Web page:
A second challenge that continues to dog customer service in retail in particular is the Great Resignation. In the wake of the 2020 pandemic, an unprecedented number of retail customer service workers decided to quit their current jobs and do something different. Talent shortages continue to exacerbate staffing struggles, particularly during holiday peaks, with demand far outpacing supply for workers. In fact, the number of retail job openings in the U.S. hit a record 1.2 million in July of 2021. In addition to traditional in-store jobs, big box stores such as Target are looking to hire more retail customer service and supply chain staff.
Supply chain issues represent yet another challenge—for businesses as a whole as well as for retail customer service departments. Ongoing stock outs and order delays are causing more customers to call the contact center to find out when products will be available again. They’re also fueling more and more customer defections. In fact, out-of-stock situations at retailers are one of the top reasons consumers are increasingly turning to their favorite brands to purchase goods directly.
However, direct-to-consumer (DTC) brands are by no means immune to today’s customer service challenges. Many manufacturers that decided to ramp up their DTC channel have since been flooded with new customers—without having the customer service infrastructure in place to handle the volume. Like their retail customer service peers, they’ve struggled to handle the onslaught while simultaneously embracing a new business model and attempting to build relationships directly with customers.
Conversational AI and Automation Are the Answer
Finding new ways to improve the retail customer experience has never been more critical—nor has it ever been more difficult, given the current challenges. However, there is a way for companies to transform their contact center operations to deliver a differentiated retail customer experience that drives satisfaction, loyalty, and revenue.
It begins by using conversational AI to understand and optimize every conversation before, during and after a customer interaction — from self-service to agent assistance to after-call follow-up and fulfilling promises made during the call. A conversational automation platform powered by conversational AI, machine learning and automation technology can automate the entire retail customer experience, augment agents to help them deliver more efficient and empathetic service and uncover hidden insights into the voice of the customer.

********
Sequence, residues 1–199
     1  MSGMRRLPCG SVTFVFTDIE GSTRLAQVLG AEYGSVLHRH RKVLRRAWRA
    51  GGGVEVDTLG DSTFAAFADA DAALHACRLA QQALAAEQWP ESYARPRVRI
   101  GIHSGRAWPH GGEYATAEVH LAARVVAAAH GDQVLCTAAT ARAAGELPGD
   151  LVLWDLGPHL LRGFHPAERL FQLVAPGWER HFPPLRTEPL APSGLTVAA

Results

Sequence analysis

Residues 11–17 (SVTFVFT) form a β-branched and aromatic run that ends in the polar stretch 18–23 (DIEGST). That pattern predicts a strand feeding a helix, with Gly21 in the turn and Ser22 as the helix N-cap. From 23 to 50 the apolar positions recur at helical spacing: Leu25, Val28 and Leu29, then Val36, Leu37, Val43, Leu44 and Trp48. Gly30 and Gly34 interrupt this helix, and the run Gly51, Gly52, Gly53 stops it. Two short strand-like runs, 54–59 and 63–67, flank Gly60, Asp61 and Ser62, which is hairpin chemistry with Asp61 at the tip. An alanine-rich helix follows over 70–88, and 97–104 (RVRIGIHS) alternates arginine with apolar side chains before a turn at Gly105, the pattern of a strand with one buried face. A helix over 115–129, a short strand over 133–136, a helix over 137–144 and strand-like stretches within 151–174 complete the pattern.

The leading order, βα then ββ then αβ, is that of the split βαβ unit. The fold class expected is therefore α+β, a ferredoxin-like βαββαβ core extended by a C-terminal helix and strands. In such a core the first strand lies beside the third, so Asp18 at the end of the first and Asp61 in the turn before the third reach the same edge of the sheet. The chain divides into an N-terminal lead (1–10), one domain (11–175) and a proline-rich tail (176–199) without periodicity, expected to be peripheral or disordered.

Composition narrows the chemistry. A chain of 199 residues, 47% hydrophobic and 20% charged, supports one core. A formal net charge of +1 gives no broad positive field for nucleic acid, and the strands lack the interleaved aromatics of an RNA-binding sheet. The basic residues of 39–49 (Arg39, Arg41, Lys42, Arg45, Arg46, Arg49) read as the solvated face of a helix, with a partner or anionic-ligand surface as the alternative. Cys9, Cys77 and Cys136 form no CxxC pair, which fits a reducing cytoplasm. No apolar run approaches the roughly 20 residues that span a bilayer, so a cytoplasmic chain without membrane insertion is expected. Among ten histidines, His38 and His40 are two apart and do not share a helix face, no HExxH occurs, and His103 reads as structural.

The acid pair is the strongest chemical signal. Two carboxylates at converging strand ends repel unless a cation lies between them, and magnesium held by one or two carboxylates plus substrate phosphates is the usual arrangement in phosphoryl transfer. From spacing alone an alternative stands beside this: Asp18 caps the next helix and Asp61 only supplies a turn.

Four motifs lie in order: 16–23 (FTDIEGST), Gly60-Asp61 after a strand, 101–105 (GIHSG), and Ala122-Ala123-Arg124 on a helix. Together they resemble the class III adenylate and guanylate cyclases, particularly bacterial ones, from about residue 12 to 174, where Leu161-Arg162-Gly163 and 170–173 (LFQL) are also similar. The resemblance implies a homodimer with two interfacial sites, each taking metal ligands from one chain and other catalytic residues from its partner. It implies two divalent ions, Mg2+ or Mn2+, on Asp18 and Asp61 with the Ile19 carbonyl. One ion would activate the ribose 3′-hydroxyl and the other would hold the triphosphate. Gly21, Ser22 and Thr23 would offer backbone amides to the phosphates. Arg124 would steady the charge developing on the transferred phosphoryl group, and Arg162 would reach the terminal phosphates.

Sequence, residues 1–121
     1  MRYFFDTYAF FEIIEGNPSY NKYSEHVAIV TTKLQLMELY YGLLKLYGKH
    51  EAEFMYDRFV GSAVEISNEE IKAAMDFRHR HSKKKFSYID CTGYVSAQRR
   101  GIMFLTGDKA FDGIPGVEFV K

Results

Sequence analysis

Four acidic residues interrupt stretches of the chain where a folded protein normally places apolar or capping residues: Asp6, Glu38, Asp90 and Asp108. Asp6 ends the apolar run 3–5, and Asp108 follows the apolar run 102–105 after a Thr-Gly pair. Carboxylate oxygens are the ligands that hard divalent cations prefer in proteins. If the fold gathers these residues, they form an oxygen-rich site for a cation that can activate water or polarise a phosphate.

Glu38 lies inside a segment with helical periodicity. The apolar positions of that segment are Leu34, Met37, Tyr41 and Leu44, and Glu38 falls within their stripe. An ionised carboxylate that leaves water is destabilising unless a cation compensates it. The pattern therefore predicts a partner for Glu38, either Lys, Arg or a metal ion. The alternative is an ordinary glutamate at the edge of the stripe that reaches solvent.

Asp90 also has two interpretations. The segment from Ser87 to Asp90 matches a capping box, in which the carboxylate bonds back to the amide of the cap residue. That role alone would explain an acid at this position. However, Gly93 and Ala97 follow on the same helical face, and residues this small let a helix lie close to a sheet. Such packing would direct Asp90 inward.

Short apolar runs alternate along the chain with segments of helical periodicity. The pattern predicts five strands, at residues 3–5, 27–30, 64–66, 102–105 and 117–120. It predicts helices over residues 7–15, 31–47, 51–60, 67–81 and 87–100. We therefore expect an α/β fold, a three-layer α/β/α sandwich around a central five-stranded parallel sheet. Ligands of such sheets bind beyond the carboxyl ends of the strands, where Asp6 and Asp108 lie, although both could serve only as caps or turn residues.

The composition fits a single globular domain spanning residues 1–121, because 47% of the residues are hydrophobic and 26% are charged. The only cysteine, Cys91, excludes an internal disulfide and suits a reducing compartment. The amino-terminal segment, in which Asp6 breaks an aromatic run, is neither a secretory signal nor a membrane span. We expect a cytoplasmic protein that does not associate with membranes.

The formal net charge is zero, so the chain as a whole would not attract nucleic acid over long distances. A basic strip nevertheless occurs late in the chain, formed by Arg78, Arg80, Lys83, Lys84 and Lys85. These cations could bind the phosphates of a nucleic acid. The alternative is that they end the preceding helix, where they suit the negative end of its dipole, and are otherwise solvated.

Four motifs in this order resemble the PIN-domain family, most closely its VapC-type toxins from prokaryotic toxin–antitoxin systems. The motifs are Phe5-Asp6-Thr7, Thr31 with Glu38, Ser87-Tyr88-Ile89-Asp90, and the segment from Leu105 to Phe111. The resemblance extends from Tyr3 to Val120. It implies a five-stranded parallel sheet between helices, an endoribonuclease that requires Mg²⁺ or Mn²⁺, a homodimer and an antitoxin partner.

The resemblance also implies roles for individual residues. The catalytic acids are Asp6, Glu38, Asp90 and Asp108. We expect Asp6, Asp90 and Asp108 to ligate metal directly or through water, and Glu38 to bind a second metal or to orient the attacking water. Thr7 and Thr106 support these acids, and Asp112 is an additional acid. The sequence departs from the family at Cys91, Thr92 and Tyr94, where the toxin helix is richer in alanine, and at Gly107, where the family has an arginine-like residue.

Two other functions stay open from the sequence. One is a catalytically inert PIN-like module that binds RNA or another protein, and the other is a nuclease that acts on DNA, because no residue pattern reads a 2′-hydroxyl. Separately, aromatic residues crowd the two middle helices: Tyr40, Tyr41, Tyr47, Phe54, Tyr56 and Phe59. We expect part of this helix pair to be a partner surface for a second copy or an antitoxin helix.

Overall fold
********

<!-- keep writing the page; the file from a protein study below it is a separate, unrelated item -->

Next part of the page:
Some of the top retail customer experience use cases for deploying conversational AI and automation include:
|Ramping up quickly/ Training new agents||In-call agent assistance that provides real-time alerts and guidance based on AI understanding of the conversation
After-call work automation that eliminates manual, time-consuming agent tasks
|Increasing sales||In-call agent assistance that personalizes the next best action recommendation using predictive analytics
Interaction analytics with automatic monitoring, scoring, and feedback on quality.
|Reducing agent attrition||In-call agent assistance with automatic insights and guidance to agents, letting them focus on the conversation
After-call work automation that frees agents from tedious, manual efforts
|Deflecting contact center interactions to maintain quality of service during seasonal spikes||Conversational self-service using an intelligent virtual assistant to deliver easy, convenient help||
|Retaining customers and growing customer lifetime value||Interaction analytics that help retailers understand pain points and patterns in the customer journey.||
|Improving customer satisfaction and loyalty||Conversational self-service that delivers an intuitive, fast, and frictionless experience.
Automated promises management that recognizes, logs, and enriches promises and then manages the fulfillment of those promises automatically.
Today, retail customer experience is a make-or-break endeavor. Brands that routinely deliver good customer service for retail see higher conversion rates, more opportunities for upselling and cross-selling, stronger brand loyalty and higher customer lifetime value. Those that fall short of customer expectations risk losing revenue, reputation and, ultimately, market share.
Smart businesses are investing in customer service retail solutions that leverage conversational AI to optimize, analyze and automate every conversation. By transforming the consumer and agent experience across the entire customer conversation—from self-service to post-interaction analytics—they’re consistently delivering a positive, personalized and frictionless experience. And the results speak for themselves: better call metrics, improved agent performance and retention and—most importantly—higher customer satisfaction and brand loyalty. Talk about a strong return on investment.
1.) Online Retailers Bridge the Offline Divide with Customer Service Features,” Stephanie Crets, Digital Commerce 360, October 2021
2.) “COVID-19 Has Given Rise to Mass Chatbot Adoption in the Retail Space,” Bob Grohs, TotalRetail, October 2021
3.) “Online Retailers Bridge the Offline Divide With Customer Service Features,” Stephanie Crets, Digital Commerce 360, October 2021